Tess Otness wanted her favorite Raggedy Ann doll - the one that kept away the night and protected the 10-year-old girl from all things creeping in it - before she went to bed Tuesday.
How to help
A fund for the Otness family has been created at Alaska Pacific Bank. Donation boxes are at Super Bear in the Mendenhall Valley, Alaskan and Proud downtown, and DeHart's at Auke Bay.
The request made her mother cry, realizing the doll was just one of the things lying beneath a charred pile of what used to be the family's house.
The Otnesses' rented home burned to the ground Saturday night after what fire officials think was a boiler malfunction. The fire caused almost $300,000 in damage and destroyed all the family owned, but not everything the family cared about.
"Everything was just gone," said Laura Otness. "But I was just grateful it didn't happen a few hours before, when we were all there. That's really all that matters. Stuff can be replaced eventually; it's the living things that can't."
Otness said she had a funny feeling Saturday evening shortly before she left to run errands, a feeling funny enough to drag her dogs into their kennels outside and her kids, Ian, 12, Tess, 10, and Erik, 8, away from their chores.
"I called my sister at the store (Carpet Connections) and she said, 'You can't ignore that feeling, bring them to the store,' " Otness said. "Two hours later it happened."
Otness had called her landlord that morning to ask him to fix the boiler. Around 6 p.m. he called her on the cell phone to say the house was on fire.
Otness stared at the flames chewing through the baby grand piano she and the kids played around. It ate through the art collection she spent years gathering and made a quick snack of the green chair she rocked and sang her babies to sleep in - the one that smelled like them.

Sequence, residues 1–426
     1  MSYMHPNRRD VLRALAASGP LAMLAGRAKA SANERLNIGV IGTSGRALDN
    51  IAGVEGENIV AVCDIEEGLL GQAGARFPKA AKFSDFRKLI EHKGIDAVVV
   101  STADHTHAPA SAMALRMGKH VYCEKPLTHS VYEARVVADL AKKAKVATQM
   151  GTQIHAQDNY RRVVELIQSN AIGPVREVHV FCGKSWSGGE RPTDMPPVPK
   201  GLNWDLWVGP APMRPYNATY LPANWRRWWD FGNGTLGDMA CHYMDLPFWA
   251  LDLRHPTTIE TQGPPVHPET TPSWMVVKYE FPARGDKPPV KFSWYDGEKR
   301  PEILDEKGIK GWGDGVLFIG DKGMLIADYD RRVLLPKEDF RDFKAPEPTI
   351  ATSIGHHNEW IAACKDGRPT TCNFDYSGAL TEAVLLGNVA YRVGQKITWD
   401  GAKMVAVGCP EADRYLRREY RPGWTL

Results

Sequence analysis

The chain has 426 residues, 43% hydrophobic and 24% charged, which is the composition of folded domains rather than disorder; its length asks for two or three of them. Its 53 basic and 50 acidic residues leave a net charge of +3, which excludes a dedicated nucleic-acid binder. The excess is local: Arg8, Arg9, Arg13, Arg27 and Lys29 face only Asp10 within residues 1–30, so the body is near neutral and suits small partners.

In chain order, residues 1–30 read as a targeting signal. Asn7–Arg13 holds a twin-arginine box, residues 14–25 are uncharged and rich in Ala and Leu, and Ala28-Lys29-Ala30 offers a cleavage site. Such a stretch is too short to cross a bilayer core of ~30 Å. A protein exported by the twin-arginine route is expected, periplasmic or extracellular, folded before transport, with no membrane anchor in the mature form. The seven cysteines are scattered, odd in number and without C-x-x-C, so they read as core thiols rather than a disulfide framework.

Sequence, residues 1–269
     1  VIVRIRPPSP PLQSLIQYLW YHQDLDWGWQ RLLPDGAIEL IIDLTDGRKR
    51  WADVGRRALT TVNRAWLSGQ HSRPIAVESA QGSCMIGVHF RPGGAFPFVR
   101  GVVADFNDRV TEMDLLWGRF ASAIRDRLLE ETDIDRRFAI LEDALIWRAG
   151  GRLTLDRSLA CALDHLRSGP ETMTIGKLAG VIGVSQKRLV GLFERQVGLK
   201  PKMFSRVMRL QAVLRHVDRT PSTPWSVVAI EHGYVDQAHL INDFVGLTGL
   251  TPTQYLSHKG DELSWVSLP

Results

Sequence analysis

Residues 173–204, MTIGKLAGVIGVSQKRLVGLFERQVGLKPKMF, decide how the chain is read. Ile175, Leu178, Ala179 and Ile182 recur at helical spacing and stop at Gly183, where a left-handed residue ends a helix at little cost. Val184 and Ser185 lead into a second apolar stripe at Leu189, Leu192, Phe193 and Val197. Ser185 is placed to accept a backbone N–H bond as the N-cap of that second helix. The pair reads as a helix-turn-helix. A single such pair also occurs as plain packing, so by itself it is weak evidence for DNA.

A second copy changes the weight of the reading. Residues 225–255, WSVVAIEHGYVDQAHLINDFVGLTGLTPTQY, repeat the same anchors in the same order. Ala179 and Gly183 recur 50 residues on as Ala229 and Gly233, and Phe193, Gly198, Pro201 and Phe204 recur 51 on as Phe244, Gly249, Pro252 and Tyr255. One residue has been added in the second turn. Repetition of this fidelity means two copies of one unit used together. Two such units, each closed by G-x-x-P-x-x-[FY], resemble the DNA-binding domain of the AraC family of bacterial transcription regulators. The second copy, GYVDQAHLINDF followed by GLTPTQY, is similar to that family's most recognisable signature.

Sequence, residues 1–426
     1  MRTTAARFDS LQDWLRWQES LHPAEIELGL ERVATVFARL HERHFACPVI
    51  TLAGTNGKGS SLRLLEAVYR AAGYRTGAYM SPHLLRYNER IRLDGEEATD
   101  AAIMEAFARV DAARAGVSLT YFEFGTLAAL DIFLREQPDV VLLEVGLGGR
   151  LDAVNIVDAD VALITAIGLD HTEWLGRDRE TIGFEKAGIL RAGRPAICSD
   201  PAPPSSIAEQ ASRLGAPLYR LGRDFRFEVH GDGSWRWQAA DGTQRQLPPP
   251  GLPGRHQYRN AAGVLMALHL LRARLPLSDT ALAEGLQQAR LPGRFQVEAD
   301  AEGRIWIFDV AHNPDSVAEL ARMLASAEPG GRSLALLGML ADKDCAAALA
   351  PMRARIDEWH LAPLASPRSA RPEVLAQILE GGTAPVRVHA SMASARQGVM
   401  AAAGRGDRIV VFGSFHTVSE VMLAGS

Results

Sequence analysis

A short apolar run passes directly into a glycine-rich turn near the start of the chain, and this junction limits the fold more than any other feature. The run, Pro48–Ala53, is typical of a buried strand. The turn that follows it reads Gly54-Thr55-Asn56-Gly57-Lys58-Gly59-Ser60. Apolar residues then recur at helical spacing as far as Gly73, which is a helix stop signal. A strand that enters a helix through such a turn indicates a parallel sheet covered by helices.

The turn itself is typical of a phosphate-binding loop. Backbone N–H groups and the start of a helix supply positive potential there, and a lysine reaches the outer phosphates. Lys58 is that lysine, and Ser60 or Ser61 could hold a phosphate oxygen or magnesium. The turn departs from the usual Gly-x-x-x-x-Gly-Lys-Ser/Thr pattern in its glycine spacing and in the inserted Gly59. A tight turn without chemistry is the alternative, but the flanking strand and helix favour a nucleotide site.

"My kids were really upset about that chair," she said. "It was the one we rocked in and talked in. I told them we'd get a new one. My one son said, 'It's not the same, Mom. That one smelled like us. It had all our baby puke on it.' It doesn't smell like us anymore."
Otness said the fire, not having renter's insurance and losing all the family's possessions are insignificant compared to the possible loss of her kids.
"We're the only family we've got here," she said. "We're just very tight, tight-knit and love each other very much."
Maybe it's this attitude that has inspired so much giving from the Otnesses' neighbors. One such anonymous neighbor left a $100 gift card for the family.
"I made the mistake of asking Laura what she needed and then I thought, 'What a stupid question,' " said a woman who called the Empire anonymously. "She needs everything. I mean I look around just my own kitchen and see the little things you gather over the years and how expensive it all can be and think it must be overwhelming to her."
Otness said her family is grateful.
"People I don't even know are helping us," she said. "But Juneau's always been great like that. I know I gave whenever I saw something in the paper without ever expecting anything back or that I would ever be in this position. But sometimes things happen and you are humbled and pride goes out the window."
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